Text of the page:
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America Has Never Been Safer -- So Why Are Politicians and the Media Trying to Terrify Us?

Republicans tend to engage in blatant alarmism about foreign threats and Democrats respond in kind for fear of being portrayed as weak.

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I don't want to sound like a conspiracy monger, but every bureaucratic institution wants to protect its budget and the military is no different. And if you think of all the organizations outside of the military, the think tanks, the advocacy groups, the defense contractors, all of them benefit from this sort of fear-mongering. So everyone can sort of eat from the trough on this one. But the reality is that in fact most of it is based on mis-held assumptions about the world we live in.

JH: I want to talk to you about a few specific countries we are told we should have abject terror toward, but before I do I just want to offer a fourth thing: there’s quite a bit of psychological literature about the way we perceive of threats in general, not just security threats. Psychologists have long noted that we tend to inflate threats that are out of our control, so we don’t think twice before getting behind the wheel of a car, but we are terrified of air travel even though statistically air travel is extremely safe. And there is also a tendency to hype novel or newsworthy threats, so the shark attack which is basically – well you’re not going to get attacked by a shark. Those things become prominent fears, because the media gets hold of them and they have what is known as an amplifying effect. So I think these things that are true of all threat perception are also true here.

But let’s talk about a couple of countries. Shouldn’t I be terrified of the Chinese? They’re wily -- aren’t they wily?

MC: [laughs] Well they might be wily, I can’t speak to that issue, but they certainly are not a threat. They are an economic rival, there’s no question about that. From a security standpoint however, they’re barely even a rival in the Far East and in fact they lack any real power projection outside the region.

Even inside the region their power projection capabilities are pretty weak. Most of the countries in the region fear Chinese hegemony and have basically bandwagoned with the U.S. to prevent that from happening.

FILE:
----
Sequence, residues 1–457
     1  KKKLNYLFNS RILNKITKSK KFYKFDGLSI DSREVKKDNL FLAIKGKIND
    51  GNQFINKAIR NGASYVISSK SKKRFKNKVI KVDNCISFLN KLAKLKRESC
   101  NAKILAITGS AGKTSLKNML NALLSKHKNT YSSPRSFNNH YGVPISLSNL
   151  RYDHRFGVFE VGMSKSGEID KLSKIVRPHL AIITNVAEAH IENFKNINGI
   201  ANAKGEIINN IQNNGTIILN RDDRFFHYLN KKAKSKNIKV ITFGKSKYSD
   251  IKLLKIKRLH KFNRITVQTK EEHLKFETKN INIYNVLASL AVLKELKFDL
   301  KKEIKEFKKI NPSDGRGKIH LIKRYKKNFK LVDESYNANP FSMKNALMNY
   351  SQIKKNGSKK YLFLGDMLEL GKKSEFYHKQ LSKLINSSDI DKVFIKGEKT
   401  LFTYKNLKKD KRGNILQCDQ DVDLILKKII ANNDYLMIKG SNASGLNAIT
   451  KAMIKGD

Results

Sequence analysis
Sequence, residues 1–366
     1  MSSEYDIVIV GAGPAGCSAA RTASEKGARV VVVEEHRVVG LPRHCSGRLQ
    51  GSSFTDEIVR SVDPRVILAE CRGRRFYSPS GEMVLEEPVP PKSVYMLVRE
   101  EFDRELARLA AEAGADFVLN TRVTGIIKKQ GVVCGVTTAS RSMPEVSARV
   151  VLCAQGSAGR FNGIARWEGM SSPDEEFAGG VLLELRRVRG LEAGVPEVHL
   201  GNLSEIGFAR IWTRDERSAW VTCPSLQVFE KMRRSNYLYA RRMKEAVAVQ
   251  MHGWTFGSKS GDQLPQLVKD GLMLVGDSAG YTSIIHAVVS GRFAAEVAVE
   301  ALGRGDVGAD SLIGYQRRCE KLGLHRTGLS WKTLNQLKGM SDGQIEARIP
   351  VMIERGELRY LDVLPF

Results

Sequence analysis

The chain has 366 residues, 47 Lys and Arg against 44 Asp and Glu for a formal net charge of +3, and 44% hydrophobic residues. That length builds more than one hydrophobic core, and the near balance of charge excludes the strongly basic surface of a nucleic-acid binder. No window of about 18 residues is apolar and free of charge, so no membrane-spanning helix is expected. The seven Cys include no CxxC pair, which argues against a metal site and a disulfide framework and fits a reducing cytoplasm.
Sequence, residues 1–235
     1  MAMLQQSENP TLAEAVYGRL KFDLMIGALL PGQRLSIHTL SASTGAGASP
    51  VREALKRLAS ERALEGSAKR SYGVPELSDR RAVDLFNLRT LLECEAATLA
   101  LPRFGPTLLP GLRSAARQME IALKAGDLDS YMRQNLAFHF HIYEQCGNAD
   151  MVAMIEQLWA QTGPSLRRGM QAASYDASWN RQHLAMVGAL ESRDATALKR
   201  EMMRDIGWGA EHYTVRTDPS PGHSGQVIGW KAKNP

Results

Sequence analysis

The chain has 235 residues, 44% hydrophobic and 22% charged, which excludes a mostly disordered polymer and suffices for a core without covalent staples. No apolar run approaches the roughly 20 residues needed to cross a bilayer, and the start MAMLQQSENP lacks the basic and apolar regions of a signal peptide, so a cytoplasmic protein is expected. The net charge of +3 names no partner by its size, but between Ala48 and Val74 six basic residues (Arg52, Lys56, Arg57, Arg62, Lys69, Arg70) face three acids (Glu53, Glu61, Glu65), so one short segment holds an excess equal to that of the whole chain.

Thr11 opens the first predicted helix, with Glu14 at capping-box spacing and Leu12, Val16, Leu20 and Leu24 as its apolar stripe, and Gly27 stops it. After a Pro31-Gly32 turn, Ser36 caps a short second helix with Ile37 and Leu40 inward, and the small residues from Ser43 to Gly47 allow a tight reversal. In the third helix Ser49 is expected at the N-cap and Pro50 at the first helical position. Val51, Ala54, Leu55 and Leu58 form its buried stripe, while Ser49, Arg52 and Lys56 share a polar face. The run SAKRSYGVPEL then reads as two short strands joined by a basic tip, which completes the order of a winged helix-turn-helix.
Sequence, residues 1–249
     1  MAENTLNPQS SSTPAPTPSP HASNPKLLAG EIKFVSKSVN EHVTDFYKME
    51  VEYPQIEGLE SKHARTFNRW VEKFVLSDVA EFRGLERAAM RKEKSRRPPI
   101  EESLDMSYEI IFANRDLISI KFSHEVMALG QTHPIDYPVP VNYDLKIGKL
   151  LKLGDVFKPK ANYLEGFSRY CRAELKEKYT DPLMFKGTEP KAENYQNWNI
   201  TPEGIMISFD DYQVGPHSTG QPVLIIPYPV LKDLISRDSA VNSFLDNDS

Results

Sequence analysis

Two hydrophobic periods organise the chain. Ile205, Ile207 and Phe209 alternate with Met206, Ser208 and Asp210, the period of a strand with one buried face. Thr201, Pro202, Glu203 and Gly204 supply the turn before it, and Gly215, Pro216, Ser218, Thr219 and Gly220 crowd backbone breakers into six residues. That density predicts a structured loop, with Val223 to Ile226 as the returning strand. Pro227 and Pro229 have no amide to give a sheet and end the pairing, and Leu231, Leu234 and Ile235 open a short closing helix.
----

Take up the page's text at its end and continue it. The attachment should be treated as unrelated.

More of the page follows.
Now the reality about the Chinese situation with the U.S. is that in fact we both sort of benefit from both of us doing well. I think the Chinese realize that a strong U.S. economy is good for China and a strong Chinese economy is generally good for the U.S. So I see more of what is happening in China as an opportunity for the U.S. economy than I see it as a real security threat.

And I will say this by the way, for what it’s worth: this is one where even the fear-mongering has died down on it.

JH: Now Iran. Iran is basically a third-world country, right?

MC: Militarily, certainly, it is not an advanced country. Its military is very antiquated. Again, they do not have great power projection capabilities. Their economy has been badly hamstrung by economic sanctions, politically they are very isolated, but if you listen to a GOP debate you would think that they are the second coming of Adolf Hitler. They’re presented as the big bad bogeymen.

JH: Yeah, It’s amazing. And I think part of it is that here the culture wars are bleeding into foreign policy on the Right. You know the argument about Iran -- one of many arguments, of course -- is that the nuclear threat would be so great because they’re suicidal, basically, so the traditional deterrence --the mutually assured destruction that kind of ushered the United Sates and the Soviet Union through the Cold War – would not work with them.

 
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